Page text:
Issues In Survey Data On Medical Practice: Some Empirical Comparisons
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Issues In Survey Data On Medical Practice: Some Empirical Comparisons

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    Public Health Rep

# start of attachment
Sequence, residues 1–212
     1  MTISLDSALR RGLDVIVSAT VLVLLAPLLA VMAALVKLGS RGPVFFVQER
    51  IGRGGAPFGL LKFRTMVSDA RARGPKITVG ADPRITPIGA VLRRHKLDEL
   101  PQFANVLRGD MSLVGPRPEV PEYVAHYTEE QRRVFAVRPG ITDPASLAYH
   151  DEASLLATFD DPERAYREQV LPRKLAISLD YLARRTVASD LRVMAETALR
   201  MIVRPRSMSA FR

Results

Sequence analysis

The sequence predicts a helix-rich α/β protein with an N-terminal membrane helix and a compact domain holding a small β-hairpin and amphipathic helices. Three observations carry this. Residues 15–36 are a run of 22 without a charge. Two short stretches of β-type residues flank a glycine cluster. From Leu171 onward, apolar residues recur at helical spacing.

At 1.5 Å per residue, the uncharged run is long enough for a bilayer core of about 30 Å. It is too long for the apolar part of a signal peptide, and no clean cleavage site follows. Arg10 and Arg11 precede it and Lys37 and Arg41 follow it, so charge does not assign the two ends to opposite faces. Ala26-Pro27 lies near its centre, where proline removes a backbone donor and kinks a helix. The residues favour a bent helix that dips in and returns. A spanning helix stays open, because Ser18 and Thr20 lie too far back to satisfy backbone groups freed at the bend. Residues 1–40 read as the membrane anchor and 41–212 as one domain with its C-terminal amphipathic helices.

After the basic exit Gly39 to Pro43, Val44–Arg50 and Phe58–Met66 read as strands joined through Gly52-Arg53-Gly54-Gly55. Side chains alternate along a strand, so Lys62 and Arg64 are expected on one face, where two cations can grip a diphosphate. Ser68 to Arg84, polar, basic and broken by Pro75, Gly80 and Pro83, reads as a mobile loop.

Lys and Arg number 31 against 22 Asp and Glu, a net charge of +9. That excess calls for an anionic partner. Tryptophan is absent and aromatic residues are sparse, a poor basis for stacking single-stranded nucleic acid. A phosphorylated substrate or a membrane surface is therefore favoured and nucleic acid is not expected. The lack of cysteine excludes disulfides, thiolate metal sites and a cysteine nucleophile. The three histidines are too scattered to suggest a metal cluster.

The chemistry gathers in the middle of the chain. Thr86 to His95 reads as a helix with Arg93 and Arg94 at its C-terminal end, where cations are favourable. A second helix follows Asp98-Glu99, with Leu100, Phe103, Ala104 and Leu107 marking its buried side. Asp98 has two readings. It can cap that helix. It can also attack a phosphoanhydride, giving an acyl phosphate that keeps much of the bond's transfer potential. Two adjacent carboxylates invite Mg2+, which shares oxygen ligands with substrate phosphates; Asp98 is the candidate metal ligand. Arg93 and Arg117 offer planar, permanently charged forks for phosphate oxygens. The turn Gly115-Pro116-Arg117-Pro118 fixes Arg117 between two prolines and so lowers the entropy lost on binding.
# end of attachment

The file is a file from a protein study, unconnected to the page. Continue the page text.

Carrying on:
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    In recent years, researchers and policymakers have used data from large-scale surveys of physicians to address important issues. A review of several of these surveys explores potential problems in this method of gathering data on physicians' services. To obtain a better grasp of the limitations such problems may pose, we examine several recent surveys, comparing response rates and survey findings, and in one survey the reliability of individual items. Response rates appear highly sensitive to differences in the approaches made to respondents and their perceptions of the goals of individual investigations. Reliability of survey items seems to depend on the specificity of information requested. Variation in the findings from different surveys may occur for many reasons, but is most likely to be found in response to items whose presentation differs in each survey's research instrument. Data from these surveys appear clearly useful for some important purposes. The large-scale medical practice survey seems particularly valuable in generating an understanding of differences among specialties in resources used in the delivery of care. Nevertheless, researchers and policymakers must understand the steps necessary to obtain reliable results and possible limitations in the accuracy of findings to make the best use of survey methodology as applied to medical practice.
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